Florestan: Ernst Kozub
Pizarro: Rolf Kühne
Rocco: Arne Tyrén
Jacquino: Gerhard Unger
Fernando: Ernst Gerold Schramm

Conductor: Erich Leinsdorf

“Trove Thursday” offerings can be downloaded via the audio-player above. Just click on the icon of a square with an arrow pointing downward and the resulting mp3 file will appear in your download directory.

In addition, this Leonore as well as Paër’s Leonora from two weeks ago, and all previous fare remain available from iTunes or via any RSS reader.

  • Krunoslav

    Thanks. I look forward to listening to this.

    “She never sang at the Met and appeared in just one role in San Francisco—in 1966 as Elisabetta in Don Carlo (opposite Marilyn Horne and Jon Vickers)—and a single engagement—as Donna Anna in 1969—at the Lyric Opera of Chicago. However, JJ saw her several times with the New Orleans Opera late in her career.”


    Claire Watson’s admittedly limited US career was not *quite* that sparse.

    In that SFO 1966 engagement, Watson also sang the Countess Almaviva: Grist, Evans, Stewart, Lee Venora, Vinay ( as Bartolo!) , and her husband David Thaw as Basilio; Horenstein

    And at Lyric Opera of Chicago, she also sang Pamina in the company premiere production of ZAUBERFLOETE (as late as 1966!), with Haefliger, Mesplé, Kunz, Ridderbusch and Rita Shane as the First Lady; Jochum. That season she took part in a LOC gala for Italian flood relief.

    She also sang Senta and Elisabeth ( with Richard Cassilly) at Pittsburgh Opera.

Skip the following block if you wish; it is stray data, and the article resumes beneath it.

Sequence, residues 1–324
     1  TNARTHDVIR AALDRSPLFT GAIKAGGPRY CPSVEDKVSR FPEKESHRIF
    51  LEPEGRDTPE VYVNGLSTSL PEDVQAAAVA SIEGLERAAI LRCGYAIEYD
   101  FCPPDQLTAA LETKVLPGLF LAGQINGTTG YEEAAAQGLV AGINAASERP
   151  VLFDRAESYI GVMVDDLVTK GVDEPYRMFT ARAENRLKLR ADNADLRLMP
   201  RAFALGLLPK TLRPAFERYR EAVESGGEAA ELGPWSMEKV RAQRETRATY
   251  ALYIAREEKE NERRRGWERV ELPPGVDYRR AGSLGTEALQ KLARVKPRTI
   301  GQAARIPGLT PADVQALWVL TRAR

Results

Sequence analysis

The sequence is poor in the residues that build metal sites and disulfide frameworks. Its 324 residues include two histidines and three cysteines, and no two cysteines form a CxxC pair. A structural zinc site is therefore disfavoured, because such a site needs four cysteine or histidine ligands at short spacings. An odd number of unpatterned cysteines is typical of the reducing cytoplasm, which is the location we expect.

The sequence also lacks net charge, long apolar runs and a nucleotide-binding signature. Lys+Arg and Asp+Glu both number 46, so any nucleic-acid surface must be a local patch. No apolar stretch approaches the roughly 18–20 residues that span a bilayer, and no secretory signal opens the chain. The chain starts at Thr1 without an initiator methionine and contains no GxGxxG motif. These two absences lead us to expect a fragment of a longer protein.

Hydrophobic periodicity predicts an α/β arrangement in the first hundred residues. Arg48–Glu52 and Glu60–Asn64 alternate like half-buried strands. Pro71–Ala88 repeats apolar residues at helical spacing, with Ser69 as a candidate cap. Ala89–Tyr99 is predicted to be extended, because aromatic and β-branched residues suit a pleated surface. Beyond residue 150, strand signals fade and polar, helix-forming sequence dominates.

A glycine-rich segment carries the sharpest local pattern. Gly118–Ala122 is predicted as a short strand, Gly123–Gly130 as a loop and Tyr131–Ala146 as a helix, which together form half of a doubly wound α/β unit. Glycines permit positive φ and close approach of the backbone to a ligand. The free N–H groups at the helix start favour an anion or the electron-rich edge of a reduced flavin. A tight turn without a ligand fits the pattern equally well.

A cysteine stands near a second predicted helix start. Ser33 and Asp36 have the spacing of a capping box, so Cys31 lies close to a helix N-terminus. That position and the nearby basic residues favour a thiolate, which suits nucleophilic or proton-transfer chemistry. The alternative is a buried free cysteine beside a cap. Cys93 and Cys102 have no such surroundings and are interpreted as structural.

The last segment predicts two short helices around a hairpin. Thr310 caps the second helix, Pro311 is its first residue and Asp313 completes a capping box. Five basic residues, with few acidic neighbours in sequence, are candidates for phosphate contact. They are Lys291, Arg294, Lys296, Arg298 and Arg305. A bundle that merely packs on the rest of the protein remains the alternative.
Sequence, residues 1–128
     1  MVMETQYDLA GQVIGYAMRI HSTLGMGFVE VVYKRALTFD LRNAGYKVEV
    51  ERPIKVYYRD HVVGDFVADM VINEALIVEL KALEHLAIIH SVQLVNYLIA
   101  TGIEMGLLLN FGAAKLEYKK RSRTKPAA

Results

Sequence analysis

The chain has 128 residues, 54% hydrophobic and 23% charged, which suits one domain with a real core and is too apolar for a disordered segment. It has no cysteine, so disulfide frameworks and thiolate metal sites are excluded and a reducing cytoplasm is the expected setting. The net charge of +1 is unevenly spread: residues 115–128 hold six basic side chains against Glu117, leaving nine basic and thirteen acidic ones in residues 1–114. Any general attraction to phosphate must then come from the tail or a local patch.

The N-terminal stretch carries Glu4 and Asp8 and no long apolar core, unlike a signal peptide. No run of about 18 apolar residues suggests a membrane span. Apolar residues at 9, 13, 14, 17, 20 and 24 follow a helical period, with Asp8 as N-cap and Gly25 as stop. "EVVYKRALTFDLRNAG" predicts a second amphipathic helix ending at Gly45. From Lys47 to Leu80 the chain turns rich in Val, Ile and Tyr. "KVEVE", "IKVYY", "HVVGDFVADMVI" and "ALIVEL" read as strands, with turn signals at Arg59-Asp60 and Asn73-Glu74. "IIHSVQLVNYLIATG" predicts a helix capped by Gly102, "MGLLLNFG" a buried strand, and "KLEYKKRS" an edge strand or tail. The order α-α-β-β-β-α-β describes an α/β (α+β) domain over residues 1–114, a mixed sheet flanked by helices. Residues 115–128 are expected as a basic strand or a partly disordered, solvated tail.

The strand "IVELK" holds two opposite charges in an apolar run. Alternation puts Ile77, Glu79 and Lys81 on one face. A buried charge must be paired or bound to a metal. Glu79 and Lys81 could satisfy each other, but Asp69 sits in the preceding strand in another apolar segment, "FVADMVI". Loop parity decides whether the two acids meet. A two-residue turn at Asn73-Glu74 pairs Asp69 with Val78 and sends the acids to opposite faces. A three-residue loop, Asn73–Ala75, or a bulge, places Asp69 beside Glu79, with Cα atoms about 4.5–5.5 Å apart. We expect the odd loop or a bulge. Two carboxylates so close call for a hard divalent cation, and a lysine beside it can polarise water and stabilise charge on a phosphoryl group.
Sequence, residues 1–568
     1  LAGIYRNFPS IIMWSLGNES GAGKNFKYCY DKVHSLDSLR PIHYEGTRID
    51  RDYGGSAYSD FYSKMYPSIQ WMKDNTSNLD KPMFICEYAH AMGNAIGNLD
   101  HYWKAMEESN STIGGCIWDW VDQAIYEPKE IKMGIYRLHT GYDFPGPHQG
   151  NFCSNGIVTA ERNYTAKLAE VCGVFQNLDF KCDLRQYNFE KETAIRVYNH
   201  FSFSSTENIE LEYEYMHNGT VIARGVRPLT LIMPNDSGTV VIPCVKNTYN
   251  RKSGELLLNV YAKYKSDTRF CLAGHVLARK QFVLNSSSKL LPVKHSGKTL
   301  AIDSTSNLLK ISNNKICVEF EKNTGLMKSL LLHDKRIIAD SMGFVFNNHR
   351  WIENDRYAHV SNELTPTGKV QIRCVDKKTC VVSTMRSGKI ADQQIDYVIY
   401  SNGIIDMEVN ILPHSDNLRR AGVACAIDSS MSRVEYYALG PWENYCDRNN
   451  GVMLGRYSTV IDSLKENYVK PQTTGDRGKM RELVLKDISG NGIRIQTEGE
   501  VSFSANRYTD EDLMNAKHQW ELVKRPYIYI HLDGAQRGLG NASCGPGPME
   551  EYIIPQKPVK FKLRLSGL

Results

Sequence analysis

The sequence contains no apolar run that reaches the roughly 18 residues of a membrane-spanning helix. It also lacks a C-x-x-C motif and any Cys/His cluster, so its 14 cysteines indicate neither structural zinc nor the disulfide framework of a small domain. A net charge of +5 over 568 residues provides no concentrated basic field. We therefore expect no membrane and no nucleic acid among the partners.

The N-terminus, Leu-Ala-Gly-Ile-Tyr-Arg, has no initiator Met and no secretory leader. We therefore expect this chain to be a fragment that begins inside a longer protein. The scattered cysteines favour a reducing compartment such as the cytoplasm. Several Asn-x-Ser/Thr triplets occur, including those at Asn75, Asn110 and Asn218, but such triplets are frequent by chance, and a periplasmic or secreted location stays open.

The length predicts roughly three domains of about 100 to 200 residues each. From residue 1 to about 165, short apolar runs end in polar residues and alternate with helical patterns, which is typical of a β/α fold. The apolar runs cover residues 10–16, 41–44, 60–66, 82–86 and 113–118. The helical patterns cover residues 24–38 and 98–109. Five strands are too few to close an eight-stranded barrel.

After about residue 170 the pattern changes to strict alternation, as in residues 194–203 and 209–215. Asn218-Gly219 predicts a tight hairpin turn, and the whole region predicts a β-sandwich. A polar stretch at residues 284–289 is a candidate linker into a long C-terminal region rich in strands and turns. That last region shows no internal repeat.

• Christopher Corwin

      Thanks. Both the SF archives (again) and an old friend in Chicago let me down.

      • Krunoslav

        Those Archives can be tricky….

  • Krunoslav

    Two other major Watson studio recordings: Anna in Klemperer’s not quite gelled DON GIOVANNI and Agathe in the von Matacic FREISCHUETZ.

  • Camille

    What a rare treat! I can hardly wait to hear this one and, certainly, didn’t expect the luxury of hearing Mrs Watson in this role.

    For those interested to know something more about this fine American singer, she is profiled in the Lanfranco Rasponi book, The Last Prima Donnas, as well, and tells a real tale of perseverance, in her case.

    Yes, I remember seeing and hearing that Ariadne auf Naxos on television—it was while I was in the first throes of Liebe for that work—but feankly, all eyes and ears were trained in Madame Bubbles, in what was, for me, her most splendid ever singing.

    It might be interesting to hear some recollections by Mr JJ about his experience of hearing Mrs Watson, and by the way, wasn’t she made a Kammersängerin?

    • Camille